As Vasant Prabhu, CFO at Visa, stated during the most recent earnings call, focusing on the U.S., payments volumes dropped “precipitously” in the second half of March amid lockdowns, and those volumes were down 28 percent year on year.
Credit spending was off by about 25 percent each week in April. Conversely, debit fared relatively better, off in the mid-teen percentages in the first two weeks in April, but it “spiked into positive territory” in the last two weeks of the month, tied in part to stimulus checks.
“It is too early to tell if this uptrend in the second half of April is the start of a recovery, a new plateau, or will fade in a couple of weeks,” said Prabhu.
He noted, too, that one-fifth of U.S. payments volume stems from drugstores along with Walmart, Costco and Target.
“This is the only category still growing up approximately 20 percent in April, and essentially all this growth is coming from online spending up over 100 percent in the last two weeks of April, assisted by the adoption of curbside pickup and delivery,” Prabhu said.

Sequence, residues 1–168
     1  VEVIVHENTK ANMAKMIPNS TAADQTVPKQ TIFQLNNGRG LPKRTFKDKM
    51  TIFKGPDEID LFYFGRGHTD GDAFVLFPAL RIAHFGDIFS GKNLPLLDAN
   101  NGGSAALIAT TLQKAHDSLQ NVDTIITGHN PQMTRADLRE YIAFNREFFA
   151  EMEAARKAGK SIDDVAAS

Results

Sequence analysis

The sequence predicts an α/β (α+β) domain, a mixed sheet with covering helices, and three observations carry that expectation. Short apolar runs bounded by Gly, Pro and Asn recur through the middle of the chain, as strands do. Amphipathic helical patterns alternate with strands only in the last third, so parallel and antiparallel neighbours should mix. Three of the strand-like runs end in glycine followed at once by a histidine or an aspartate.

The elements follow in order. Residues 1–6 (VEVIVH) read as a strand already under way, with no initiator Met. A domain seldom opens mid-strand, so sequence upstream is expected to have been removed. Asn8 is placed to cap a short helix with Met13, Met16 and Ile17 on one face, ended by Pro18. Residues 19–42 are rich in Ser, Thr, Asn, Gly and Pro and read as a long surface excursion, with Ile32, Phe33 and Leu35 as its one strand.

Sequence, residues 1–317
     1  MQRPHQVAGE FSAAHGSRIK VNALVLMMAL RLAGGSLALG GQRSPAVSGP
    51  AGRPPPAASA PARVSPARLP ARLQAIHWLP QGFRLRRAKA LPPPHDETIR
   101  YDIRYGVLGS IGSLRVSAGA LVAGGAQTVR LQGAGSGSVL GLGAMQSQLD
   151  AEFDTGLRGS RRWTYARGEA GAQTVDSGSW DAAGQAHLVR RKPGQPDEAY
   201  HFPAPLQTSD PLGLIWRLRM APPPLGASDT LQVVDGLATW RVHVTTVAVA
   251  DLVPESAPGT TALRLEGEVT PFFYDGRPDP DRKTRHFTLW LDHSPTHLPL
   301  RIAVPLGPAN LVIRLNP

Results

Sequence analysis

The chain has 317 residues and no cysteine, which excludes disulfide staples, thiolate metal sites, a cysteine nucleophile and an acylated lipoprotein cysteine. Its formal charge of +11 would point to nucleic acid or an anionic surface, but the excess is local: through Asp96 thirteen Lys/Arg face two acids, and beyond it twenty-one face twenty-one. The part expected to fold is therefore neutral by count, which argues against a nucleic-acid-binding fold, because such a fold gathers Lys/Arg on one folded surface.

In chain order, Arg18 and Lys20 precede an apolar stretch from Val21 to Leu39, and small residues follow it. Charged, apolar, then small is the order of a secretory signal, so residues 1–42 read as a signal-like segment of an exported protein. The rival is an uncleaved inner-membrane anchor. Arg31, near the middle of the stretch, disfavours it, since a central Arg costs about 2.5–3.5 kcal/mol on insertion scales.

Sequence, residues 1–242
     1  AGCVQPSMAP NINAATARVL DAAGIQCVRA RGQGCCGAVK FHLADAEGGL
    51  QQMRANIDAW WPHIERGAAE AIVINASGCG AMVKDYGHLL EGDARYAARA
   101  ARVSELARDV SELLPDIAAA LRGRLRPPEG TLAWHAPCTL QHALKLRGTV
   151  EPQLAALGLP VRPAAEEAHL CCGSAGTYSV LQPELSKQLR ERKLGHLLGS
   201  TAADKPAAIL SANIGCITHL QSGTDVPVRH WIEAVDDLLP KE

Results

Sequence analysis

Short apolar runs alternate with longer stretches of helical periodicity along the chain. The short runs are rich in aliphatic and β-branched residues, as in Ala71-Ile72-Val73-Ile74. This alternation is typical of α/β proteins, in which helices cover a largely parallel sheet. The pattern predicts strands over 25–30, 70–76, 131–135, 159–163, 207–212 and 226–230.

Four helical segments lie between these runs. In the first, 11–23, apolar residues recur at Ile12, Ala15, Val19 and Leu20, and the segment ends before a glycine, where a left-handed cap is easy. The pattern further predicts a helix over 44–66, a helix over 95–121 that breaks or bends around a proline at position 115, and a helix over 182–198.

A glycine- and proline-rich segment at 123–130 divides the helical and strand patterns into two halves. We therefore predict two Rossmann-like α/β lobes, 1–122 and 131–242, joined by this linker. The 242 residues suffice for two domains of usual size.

Retail and automotive-related spending is down between 15 percent to 50 percent, and travel has been slammed most of all, off by 80 percent.
Many of those trends were present in Mastercard’s own results, where CFO Sachin Mehra said that total switched volumes through the last several weeks were down about 25 percent, showing “early signs” of stabilization. The third week of April numbers showed improvement across all regions, tied to fiscal stimulus.
He said on the call that more merchants are coming to realize the importance of going into online channels. There has been “some level of spend” coming through for clothing in general retail and subscription services as those merchants go online.
“It’s still early days,” he told analysts.
Early days, indeed. And we note that a few weeks in April do not make a trend.
So much depends on the second half of the year and beyond, as social distancing is relaxed and as we cautiously venture out of our homes. Separately, Citigroup CEO Michael Corbat said during that bank’s earnings call, “I would say that as a team, we’ve pretty well discounted a uniform V-shaped recovery. The question: Is it U-shaped? Is it W-shaped? Are parts of it L-shaped?”
Quarter by quarter, earnings report by earnings report, we’ll see where we are — and where we are headed.